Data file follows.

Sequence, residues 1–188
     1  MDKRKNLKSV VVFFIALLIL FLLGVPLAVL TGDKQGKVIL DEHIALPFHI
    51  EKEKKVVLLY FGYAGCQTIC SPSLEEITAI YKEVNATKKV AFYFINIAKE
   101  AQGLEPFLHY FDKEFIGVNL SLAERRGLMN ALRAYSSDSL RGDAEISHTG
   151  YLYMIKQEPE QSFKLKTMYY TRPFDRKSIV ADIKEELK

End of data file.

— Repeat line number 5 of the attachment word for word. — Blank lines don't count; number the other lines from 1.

   151  YLYMIKQEPE QSFKLKTMYY TRPFDRKSIV ADIKEELK